Your Rights and Protections Against Surprise Medical Bills
When you get emergency care or are treated by an out-of-network provider at an
in-network hospital or ambulatory surgical center, you are protected from
balance billing. In these cases, you shouldn’t be charged more than your plan’s
copayments, coinsurance and/or deductible.
What is “balance billing” (sometimes called “surprise billing“)?
When you see a doctor or other health care provider, you may owe certain out-of-pocket costs,
like a copayment, coinsurance, or deductible. You may have additional costs or have to pay the
entire bill if you see a provider or visit a health care facility that isn’t in your health plan’s
“Out-of-network” means providers and facilities that haven’t signed a contract with your health
plan to provide services. Out-of-network providers may be allowed to bill you for the difference
between what your plan pays and the full amount charged for a service. This is called “balance
billing.” This amount is likely more than in-network costs for the same service and might not
count toward your plan’s deductible or annual out-of-pocket limit.
“Surprise billing” is an unexpected balance bill. This can happen when you can’t control who is
involved in your care—like when you have an emergency or when you schedule a visit at an in-
network facility but are unexpectedly treated by an out-of-network provider. Surprise medical
bills could cost thousands of dollars depending on the procedure or service.
You’re protected from balance billing for:
If you have an emergency medical condition and get emergency services from an out-of-
network provider, facility, the most they can bill you is the plan’s in-network cost-sharing
amount (such as copayments, coinsurance and deductibles). You can’t be balance billed for
these emergency services. This includes services you may receive after you’re in stable
condition, unless you give written consent and give up your protections not to be balanced
billed for these post-stabilization services.
Certain services at an in-network hospital or ambulatory surgical center
When you receive services from an in-network hospital or ambulatory surgical center, certain
providers there may be out-of-network. In these cases, the most those providers can bill you is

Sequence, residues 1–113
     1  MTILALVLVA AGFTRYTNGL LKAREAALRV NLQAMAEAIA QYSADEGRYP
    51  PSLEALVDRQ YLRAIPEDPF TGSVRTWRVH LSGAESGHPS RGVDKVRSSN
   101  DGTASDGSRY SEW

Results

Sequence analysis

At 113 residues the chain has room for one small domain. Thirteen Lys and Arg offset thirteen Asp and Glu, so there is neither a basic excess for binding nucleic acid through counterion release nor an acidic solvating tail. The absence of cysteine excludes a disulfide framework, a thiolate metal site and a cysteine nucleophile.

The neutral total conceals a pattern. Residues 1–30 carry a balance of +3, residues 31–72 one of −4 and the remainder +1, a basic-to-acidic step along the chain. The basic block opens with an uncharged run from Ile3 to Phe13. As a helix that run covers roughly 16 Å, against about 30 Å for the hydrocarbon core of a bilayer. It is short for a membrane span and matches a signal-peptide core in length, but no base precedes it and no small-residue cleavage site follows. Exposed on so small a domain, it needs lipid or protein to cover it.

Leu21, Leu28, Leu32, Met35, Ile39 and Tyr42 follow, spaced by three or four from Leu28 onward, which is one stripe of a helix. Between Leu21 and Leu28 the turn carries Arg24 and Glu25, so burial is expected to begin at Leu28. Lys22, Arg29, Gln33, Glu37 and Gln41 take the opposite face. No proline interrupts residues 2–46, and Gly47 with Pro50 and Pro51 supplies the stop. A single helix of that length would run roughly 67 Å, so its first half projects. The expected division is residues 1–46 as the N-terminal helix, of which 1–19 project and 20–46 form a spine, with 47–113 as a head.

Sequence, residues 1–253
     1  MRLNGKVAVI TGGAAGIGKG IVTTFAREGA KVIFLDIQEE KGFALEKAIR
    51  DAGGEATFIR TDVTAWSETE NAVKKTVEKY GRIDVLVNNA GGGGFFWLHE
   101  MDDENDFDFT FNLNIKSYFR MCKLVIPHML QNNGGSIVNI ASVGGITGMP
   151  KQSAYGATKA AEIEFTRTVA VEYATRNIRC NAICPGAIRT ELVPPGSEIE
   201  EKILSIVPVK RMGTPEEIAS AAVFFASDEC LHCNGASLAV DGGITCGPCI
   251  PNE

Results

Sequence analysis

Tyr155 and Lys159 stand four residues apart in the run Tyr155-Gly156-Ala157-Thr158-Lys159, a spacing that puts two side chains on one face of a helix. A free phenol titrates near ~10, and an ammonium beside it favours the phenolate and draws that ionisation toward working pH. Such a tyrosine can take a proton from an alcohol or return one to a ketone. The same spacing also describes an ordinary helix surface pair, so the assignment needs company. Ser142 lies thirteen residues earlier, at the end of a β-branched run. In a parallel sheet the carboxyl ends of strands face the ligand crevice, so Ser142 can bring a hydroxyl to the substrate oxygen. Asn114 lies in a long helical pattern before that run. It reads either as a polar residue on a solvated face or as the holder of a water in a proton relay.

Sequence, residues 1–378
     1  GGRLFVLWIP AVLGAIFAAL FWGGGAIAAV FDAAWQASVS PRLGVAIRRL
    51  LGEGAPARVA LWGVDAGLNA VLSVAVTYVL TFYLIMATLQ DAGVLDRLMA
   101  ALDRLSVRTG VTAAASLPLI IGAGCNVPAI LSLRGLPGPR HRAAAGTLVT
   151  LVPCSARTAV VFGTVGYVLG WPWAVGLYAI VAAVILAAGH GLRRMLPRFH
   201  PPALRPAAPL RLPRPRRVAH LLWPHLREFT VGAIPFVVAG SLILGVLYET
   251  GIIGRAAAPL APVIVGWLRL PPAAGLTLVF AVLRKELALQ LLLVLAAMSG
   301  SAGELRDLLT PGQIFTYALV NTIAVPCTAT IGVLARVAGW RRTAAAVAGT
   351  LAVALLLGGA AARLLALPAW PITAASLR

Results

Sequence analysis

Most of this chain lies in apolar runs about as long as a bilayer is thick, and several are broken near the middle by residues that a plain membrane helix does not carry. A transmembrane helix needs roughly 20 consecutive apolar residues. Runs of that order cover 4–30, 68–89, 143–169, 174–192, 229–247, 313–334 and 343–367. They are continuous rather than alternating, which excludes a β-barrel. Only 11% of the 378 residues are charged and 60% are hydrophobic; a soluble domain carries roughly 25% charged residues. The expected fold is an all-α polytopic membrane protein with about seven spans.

the plan’s in-network cost-sharing amount. This applies to emergency medicine, anesthesia,
pathology, radiology, laboratory, neonatology, assistant surgeon, hospitalist, or intensivist
services. These providers can’t balance bill you and may not ask you to give up your protections
not to be balance billed. If you get other types of services at an in-network facility, out-of-network providers can’t
balance bill you, unless you give written consent and give up your protections.
You are never required to give up your protections from balance billing. You
also aren’t required to get out-of-network care. You can choose a provider or
facility in the plan’s network.
When balance billing isn’t allowed, you also have these protections:
You’re responsible for paying your share of the cost (like the copayments, coinsurance, and
deductible that you would pay if the provider or facility was in-network). The plan will pay
any additional costs to out-of-network providers and facilities directly.
Generally, the plan will:
o Cover emergency services without requiring you to get approval for services in
advance (also known as “prior authorization”).
o Cover emergency services by out-of-network providers.
o Base what you owe the provider or facility (cost-sharing) for these services on what
the plan would pay an innetwork provider or facility and show that amount in your
explanation of benefits.
o Count any amount you pay for emergency services or these out-of-network services
toward your in-network deductible and out-of-pocket limit.
If you think you’ve been wrongly billed, you may contact the Department of Health and Human
Services (HHS) via its toll-free number at 1-800-985-3059.
Visit https://www.cms.gov/nosurprises/consumers for more information about your rights under